Sexual assault gained attention on the campus when news reports raised questions about how the university had punished three fraternity members who had been found responsible for the sexual assault of a female peer while on a spring-break trip.
A former student who filed a federal complaint against the institution for allegedly mishandling a reported sexual assault has spoken publicly about her experience.
Another former student who had been accused of sexual assault sued the university over what he said was its mishandling of the case against him.
The institution has affirmed its commitment to victims of sexual assault, collected resources online, and convened a Title IX task force to improve the university's handling of sexual-violence cases. Summaries of the task force's activities can be found here.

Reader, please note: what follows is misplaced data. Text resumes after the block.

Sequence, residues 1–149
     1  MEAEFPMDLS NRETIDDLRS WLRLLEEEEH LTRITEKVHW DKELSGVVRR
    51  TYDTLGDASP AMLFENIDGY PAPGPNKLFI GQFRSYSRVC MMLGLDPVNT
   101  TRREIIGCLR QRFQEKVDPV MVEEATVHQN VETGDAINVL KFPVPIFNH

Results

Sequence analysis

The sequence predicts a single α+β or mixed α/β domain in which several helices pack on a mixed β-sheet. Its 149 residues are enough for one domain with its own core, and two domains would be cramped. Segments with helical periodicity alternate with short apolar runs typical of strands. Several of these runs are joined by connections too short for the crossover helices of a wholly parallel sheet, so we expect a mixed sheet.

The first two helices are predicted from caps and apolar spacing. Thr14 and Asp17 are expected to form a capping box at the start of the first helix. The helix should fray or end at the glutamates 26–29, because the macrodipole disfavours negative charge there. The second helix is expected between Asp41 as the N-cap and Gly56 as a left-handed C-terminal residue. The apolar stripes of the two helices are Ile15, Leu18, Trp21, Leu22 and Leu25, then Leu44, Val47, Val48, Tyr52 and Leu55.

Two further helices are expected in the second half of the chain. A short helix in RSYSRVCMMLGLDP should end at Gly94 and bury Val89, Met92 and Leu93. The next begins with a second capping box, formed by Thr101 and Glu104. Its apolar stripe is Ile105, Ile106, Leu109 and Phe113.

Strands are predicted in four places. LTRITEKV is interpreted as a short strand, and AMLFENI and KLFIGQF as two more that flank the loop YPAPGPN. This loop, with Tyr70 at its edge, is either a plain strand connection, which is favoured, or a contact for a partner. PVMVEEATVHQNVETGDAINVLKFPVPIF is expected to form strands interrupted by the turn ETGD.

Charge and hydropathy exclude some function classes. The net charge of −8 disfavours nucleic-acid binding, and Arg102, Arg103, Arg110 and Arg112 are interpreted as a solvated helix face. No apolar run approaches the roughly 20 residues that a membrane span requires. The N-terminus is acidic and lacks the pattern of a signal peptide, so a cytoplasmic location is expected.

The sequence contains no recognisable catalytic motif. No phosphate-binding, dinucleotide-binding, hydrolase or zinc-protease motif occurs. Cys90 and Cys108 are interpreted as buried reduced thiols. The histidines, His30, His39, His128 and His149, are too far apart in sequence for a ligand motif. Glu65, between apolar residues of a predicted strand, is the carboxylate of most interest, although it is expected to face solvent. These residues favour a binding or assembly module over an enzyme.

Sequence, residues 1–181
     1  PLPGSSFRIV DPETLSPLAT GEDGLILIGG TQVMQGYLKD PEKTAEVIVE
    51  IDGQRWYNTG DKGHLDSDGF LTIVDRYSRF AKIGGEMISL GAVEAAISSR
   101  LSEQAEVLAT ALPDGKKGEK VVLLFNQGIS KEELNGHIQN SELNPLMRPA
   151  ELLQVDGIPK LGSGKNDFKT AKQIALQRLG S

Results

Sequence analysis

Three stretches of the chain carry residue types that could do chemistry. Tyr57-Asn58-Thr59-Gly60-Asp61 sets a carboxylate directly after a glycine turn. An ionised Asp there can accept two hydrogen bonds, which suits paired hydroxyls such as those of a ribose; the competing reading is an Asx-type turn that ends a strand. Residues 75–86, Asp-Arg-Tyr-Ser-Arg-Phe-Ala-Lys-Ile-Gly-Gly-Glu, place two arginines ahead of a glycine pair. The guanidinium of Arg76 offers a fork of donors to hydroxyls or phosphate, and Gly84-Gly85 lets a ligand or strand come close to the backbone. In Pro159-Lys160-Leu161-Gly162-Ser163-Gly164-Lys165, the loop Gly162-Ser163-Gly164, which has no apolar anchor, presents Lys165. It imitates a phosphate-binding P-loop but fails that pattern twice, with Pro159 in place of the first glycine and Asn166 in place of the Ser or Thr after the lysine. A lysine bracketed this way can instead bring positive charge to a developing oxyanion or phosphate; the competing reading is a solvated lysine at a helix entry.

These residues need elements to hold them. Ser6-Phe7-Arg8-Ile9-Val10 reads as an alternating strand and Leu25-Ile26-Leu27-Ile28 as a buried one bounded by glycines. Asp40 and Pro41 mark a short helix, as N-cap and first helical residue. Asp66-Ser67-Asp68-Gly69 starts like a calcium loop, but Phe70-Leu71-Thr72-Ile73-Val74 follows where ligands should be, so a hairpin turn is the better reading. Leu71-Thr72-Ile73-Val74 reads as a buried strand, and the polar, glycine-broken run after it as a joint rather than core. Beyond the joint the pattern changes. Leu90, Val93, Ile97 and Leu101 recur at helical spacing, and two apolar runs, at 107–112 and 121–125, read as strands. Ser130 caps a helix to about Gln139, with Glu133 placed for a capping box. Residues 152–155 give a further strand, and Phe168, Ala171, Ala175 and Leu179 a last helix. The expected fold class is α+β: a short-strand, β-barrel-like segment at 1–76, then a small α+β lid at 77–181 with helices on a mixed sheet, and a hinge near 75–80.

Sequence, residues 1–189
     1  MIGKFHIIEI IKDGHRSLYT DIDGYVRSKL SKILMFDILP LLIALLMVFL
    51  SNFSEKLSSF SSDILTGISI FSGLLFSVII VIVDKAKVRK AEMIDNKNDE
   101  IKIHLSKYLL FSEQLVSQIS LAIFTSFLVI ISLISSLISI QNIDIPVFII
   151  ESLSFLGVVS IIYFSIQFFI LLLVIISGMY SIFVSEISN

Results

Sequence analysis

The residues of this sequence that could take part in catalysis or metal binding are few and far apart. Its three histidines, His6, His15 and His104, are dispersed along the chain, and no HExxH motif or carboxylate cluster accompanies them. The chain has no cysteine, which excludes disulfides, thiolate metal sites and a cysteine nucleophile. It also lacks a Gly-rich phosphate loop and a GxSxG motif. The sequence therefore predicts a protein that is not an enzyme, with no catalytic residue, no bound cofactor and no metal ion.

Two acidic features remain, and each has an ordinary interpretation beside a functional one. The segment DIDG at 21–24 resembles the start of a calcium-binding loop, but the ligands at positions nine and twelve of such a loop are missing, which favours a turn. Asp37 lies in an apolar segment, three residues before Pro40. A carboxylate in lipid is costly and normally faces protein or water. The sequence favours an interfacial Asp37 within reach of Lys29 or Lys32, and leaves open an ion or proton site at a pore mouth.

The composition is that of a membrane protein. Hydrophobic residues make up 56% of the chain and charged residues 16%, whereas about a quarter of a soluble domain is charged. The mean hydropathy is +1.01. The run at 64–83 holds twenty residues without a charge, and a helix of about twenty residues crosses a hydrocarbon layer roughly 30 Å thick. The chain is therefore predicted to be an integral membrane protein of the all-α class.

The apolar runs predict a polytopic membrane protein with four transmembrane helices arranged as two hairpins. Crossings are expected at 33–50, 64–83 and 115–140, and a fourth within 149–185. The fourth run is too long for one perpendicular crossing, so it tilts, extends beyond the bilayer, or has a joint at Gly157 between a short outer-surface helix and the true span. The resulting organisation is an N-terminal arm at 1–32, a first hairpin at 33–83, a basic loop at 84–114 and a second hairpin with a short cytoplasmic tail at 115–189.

A state task force in Virginia issued several recommendations in the spring of 2015, including to require public and private colleges to create sexual-assault-response teams, to conduct climate surveys at public colleges every two years, and to develop a state grant program to support research on gender-based-violence prevention. The state legislature also passed two laws, one requiring campus police officers to immediately notify local law-enforcement authorities after opening an investigation into felony sexual assault, and another requiring college employees to report any sexual assault disclosed to them to the campus Title IX coordinator.